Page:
By Lucy Stone, Aaron Befekadu, Advocacy Academy, Rev Vanessa Conant, St Mary's Church Walthamstow, and Luke Murphy, Institute for Public Policy Research
Addressing the climate crisis has forced us to rethink the ways we live and how our neighbourhoods are designed. It’s not only highlighted baked-in inequalities, but has also brought neighbours together in mutual aid. Transitioning out of coronavirus and to a climate safe world gives us a chance to really address the inequality in accessing green spaces, public transport, cycle lanes, healthy homes and food.
After the sunniest recorded spring in UK history, and warnings of water shortages, we are reminded that climate change hasn’t gone away during the pandemic.
Citizens UK and the Institute for Public Policy Research (IPPR) believe there is a chance to ‘Just Transition city’ in London, to show how we can address the climate crisis in a way that improves people’s lives and provides opportunities.Read more
In the last five years, reports have confirmed that 646 Londoners have died sleeping rough on the streets of London. Shelters are full, support budgets have been slashed, and people are not getting the opportunity to live the life they deserve. This is not how things should be in the city we love!
In 2020, we will elect our Mayor. The Mayor of London has significant powers over rough sleeping that could save people's lives. This includes a budget of around £8.5 million. At such a key political moment, we have a chance to make sure that ending street homelessness is top of the new Mayor's agenda. To do this, London Citizens is organising an assembly at the Copperbox in Stratford on April 21st with 7000 members. If ending street homelessness is on this agenda, we know it can save people's lives.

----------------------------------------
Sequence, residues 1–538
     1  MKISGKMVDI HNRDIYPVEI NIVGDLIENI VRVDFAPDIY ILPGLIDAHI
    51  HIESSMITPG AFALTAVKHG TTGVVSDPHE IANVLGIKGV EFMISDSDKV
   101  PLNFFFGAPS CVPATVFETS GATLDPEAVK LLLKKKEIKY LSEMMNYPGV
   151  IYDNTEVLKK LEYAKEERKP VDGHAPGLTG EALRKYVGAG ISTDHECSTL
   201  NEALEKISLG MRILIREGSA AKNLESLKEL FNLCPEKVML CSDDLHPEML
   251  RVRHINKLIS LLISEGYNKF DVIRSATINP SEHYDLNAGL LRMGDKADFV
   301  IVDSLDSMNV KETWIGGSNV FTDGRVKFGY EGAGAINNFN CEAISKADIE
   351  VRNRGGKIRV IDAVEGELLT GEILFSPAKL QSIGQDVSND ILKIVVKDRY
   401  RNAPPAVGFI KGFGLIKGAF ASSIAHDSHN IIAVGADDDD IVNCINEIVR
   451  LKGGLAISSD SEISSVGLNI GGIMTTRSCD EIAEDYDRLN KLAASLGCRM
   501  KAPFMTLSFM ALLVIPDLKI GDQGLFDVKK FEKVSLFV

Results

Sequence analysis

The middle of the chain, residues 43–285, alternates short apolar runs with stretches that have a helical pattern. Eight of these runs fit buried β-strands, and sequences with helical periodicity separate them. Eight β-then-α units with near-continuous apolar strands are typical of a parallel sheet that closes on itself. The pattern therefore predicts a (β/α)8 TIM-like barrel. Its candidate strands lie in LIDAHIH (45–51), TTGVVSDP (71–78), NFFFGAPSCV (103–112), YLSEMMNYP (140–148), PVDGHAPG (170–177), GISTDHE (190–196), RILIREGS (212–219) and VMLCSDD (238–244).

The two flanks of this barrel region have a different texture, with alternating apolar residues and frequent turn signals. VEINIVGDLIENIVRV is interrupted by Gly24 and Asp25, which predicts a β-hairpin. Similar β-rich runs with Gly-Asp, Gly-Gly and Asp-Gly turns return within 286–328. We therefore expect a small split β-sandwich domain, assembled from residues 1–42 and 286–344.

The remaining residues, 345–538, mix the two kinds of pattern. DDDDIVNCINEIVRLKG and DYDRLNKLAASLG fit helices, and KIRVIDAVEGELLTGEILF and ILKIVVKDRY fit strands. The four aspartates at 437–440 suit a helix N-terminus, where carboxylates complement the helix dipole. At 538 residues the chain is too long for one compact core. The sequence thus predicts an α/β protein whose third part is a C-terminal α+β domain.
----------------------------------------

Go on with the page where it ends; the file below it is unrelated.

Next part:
It has been said that street homelessness is a political choice. If that is the case, then people that are directly affected by this issue must find space in the publish sphere to make their voice heard. This is that space.
There are three strands to this campaign. First, we do listening. This means listening to people that are affected directly by street homelessness, and also those who are working to support people sleeping rough. Second, we act. We learn more about the powers of the Mayor and shape winnable and worthwhile demands we could make at the Coppexbox Assembly next April. Third, we evaluate. For this, we have set up a learning community to be able to reflect on our practices. All of these groups are geared towards making the most of the opportunity that this political moment presents.
If you are serious about ending street homelessness in our city, please join the campaign by signing up.Sign up